I remember the day a man stepped in front of me, grabbed my upper arm with enough force to leave a bruise, and poured the dreadful words over my head,

“If we weren’t in these streets, I would give you what you are asking for.”

He ruined a perfect day. We both looked down at my favourite, mini skirt and drew two different conclusions from it. For me, it was a fashionable item of clothing for a bright summer day and most teenagers like myself, adored it. For him, it was an open invitation to express the perverted fantasies he could not act out publically (upon a minor). I immediately forgot where I was headed. I snatched my arm away and turned back. He tried to follow me, throwing narrow-minded remarks about the fact that I shouldn’t “take myself so seriously” and question what he was supposed to say to me “dressed like that”. I ran home. I pulled off my skirt, crumpled and tossed it into the darkest corner of my wardrobe. Then, I resented the idea of getting dressed every morning for years to come.

Clothes are a popular way for people to express themselves. First impressions are often based on them and to some extent, there may be some truth to the old saying “the clothes make the man.” However, most people overlook the fact that it is hard for girls, even women, to get dressed. People are often judgmental, categorising females according to what they wear. They calculate their worth, value or level of intelligence based on their clothes. The scariest thing is when they justify what happens to them according to what they wore. As though females bring about their own misfortune through revealing their bodies.

Clothes quickly turned from fabric into words and statements in my wardrobe. I was too scared to mix or match items together out of fear of what message it would send to different people. That was fuelled by instances where victims of rape or violence were considered to be “asking for it” when they were dressed in a certain way. My incident happened at the start of my teenage years. I thought nothing of it until my journey of self and style discovery was quickly overshadowed by anxiety. I was always worried about what people would say about me, or my worth. What the missing three inches of material from my skirt would invite and whether I had enough material covering me to ensure justice (should anything ever happen to me).

That was a terrible mentality for a girl to have. When I spoke of the incident to my mother and aunts, who had noticed my sudden anxiety about getting dressed, they shared their own insecurities with clothes. Then they taught me about self-liberation and acceptance. Emphasising the fact that it was not my responsibility to carry the evil mind-sets of people. They discussed in detail how easy it was for women to shoulder the blame of a cruel society in something as innocent as clothes. They told of how the violation against the bodies of women is a struggle as old as time and that covering those bodies has brought no end to it. Hence, I should dress in a way that makes me comfortable and happy. Most importantly, if I am ever to encounter a man as vile as the one who ruined my good day, I should tell him to learn better.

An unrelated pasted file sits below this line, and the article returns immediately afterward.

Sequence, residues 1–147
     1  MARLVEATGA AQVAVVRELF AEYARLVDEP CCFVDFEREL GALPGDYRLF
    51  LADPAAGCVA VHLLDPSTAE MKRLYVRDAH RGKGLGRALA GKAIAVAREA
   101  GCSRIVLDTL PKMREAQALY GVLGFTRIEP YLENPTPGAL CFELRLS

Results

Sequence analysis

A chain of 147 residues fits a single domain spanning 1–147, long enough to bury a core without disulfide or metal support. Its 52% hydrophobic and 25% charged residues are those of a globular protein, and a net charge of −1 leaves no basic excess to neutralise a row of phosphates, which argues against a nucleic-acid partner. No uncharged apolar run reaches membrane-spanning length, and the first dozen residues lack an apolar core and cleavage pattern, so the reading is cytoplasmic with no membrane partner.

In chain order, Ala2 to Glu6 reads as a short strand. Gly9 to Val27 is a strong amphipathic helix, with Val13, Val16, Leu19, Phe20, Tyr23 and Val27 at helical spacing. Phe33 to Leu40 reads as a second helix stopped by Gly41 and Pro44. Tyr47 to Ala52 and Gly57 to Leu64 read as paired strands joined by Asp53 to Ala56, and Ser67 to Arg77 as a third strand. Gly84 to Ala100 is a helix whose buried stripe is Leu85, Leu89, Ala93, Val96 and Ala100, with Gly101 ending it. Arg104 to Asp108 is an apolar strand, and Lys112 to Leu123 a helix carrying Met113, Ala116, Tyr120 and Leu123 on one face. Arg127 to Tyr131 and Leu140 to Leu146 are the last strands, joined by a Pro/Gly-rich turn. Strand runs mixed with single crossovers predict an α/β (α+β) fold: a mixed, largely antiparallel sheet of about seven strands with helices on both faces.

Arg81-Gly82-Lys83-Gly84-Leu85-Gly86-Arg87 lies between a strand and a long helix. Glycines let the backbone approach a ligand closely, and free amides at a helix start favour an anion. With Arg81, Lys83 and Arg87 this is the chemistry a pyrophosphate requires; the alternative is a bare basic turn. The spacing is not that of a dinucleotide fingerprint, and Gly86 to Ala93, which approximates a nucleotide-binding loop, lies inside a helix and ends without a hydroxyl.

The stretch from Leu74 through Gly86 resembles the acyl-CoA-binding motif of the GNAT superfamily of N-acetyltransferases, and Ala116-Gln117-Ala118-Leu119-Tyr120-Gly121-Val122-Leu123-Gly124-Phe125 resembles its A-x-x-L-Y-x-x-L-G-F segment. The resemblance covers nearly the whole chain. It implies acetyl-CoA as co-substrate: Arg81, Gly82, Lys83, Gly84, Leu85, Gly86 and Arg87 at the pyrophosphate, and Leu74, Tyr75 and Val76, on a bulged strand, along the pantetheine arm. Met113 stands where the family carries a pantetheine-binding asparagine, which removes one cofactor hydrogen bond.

These days, I have been able to wear what I wish without having to worry. I have met my fair share of people who think a person shouldn’t wear certain clothes and those who feel they hold power over the female body. The irony is that some continue to belittle women despite them being fully dressed. They criticise tight, loose, colourful and even flattering clothes. In other words, they see what they want to see, no matter what is worn. It is hard to avoid such people and although I have tried, it is often harder to teach them differently. Not to overlook the beautiful individuals who know how to protect females without judgement or abuse. Also, I do applaud the girls who are brave enough to express themselves and their sense of style without hesitation.

The mentality of society in general needs to change. In no way is the length of a girl’s skirt an invitation or consent for violation.

Read about one writer’s journey to loving her body here.


Tell us: How has society’s expectations of what women should wear affected you?